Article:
It flared up again, periodically, during the night, largely because of where the fire was located, said Stebbing. “But it was all contained, and it just ended up burning itself out.” In this situation, because of the fire’s location, Stebbing said it was dangerous to send people in to mop up the hotspots. Once they ensured that the fire was not going to spread, they monitored it throughout the night, until it burned itself out.
Luckily, the Taylor Fire Department was able to contain the fire, and did not need to evacuate any of the nearby residents.
“If we weren’t able to contain it, then there would’ve been residents who would be at risk, but I felt pretty confident in our ability to contain it, and keep it away from the residences closest to it.”
Had an evacuation been necessary, Stebbing said that under the Fire Prevention and Life Safety by-law, the fire department has the ability to order evacuations on a tactical basis, “if the fire is coming, we need to get people out of individual houses.”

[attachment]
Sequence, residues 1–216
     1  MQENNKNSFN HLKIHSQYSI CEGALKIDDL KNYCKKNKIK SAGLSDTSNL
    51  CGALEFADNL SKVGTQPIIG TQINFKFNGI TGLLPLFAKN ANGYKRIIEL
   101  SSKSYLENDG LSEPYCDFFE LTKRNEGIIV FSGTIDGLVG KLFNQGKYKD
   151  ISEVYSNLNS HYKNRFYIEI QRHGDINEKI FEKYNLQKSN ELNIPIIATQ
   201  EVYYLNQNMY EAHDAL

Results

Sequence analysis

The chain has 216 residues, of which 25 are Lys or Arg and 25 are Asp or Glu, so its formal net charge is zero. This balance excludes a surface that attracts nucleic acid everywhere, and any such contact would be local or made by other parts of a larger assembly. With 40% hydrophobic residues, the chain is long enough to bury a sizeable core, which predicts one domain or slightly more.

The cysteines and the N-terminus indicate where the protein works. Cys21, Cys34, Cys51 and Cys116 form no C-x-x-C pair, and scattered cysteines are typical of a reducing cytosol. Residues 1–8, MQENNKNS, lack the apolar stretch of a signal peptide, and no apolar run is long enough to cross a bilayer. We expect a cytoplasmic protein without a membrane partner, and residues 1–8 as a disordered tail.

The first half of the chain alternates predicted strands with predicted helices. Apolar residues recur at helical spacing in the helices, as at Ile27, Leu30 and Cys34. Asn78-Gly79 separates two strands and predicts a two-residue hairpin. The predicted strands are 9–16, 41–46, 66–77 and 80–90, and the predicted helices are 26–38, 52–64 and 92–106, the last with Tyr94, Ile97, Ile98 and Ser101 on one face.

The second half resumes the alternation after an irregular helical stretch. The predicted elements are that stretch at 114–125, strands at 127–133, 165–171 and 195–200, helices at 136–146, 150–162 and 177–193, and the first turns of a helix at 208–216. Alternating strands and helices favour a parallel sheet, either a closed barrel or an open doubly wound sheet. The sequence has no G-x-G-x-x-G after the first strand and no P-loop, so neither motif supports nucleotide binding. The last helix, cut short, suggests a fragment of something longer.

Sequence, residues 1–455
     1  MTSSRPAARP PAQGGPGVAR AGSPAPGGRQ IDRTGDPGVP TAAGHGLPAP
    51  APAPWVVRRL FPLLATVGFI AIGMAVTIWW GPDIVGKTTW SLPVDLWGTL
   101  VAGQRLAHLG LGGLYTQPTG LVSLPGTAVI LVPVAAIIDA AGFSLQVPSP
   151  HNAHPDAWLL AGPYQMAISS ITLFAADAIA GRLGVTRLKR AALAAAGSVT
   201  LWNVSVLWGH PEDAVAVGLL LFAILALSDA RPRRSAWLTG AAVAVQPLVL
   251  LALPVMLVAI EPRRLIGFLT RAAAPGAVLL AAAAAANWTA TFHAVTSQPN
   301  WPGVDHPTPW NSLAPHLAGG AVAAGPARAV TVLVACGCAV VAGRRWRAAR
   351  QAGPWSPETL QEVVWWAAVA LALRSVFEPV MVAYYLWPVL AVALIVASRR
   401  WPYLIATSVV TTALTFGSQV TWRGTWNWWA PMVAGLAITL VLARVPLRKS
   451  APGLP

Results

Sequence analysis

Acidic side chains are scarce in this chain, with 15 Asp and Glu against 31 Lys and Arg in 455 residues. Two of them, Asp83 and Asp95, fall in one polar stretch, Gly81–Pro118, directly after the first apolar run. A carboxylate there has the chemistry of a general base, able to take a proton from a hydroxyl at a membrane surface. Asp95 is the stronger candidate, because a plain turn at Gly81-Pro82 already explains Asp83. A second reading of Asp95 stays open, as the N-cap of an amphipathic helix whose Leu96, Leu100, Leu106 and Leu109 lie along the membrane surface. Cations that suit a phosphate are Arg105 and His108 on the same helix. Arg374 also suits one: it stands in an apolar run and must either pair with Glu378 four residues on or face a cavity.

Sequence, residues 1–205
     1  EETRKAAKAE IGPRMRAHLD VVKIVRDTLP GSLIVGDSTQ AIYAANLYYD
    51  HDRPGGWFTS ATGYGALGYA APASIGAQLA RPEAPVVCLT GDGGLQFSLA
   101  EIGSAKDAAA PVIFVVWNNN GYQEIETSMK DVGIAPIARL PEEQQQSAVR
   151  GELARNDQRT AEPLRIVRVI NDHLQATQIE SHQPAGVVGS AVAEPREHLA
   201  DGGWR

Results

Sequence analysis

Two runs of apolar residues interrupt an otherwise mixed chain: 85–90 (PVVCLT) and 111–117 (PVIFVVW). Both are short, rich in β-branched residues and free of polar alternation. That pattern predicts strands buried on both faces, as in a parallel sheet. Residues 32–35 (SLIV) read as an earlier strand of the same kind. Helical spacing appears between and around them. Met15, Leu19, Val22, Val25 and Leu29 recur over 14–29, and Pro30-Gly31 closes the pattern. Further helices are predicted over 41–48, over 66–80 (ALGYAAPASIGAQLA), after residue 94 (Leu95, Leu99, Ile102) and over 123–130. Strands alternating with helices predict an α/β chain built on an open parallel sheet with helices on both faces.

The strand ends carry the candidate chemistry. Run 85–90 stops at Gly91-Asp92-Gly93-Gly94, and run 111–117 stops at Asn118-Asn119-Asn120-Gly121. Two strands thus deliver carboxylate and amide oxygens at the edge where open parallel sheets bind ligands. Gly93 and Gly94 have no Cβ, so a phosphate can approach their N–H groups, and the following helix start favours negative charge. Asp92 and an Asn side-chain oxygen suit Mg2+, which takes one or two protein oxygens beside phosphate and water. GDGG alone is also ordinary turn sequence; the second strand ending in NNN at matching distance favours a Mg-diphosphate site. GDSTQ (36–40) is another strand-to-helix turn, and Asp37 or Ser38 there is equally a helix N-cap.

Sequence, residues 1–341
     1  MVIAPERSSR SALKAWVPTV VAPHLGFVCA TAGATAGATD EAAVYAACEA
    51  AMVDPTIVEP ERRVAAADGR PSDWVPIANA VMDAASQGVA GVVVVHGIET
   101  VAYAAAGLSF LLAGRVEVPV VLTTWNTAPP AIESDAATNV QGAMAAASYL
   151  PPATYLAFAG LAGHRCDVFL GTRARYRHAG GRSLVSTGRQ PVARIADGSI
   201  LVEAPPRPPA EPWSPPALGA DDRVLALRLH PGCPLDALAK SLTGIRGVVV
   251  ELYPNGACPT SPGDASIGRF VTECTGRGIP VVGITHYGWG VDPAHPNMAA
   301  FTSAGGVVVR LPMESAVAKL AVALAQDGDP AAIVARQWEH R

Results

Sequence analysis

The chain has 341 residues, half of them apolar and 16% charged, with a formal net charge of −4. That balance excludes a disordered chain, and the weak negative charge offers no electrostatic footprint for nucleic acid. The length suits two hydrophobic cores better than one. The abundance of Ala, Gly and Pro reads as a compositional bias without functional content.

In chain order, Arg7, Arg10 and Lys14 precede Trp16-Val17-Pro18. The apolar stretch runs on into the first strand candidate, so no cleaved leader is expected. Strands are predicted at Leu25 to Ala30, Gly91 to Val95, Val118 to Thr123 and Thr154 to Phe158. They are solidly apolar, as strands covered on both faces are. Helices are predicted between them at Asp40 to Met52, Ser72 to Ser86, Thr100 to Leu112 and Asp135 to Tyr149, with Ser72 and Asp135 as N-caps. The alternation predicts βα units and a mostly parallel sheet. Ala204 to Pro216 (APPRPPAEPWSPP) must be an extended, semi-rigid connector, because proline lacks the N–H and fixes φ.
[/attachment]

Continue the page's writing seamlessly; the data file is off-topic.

If it had become a bigger issue, such as a forest fire, Stebbing said they would have activated the District’s Emergency Plan, and asked Council to declare a state of local emergency, which enables them to order certain areas evacuated.
With the fire out, the fire department’s investigators are taking a look to determine the cause. If necessary, they can call on the Ministry of Forests and the Office of the Fire Commissioner for assistance.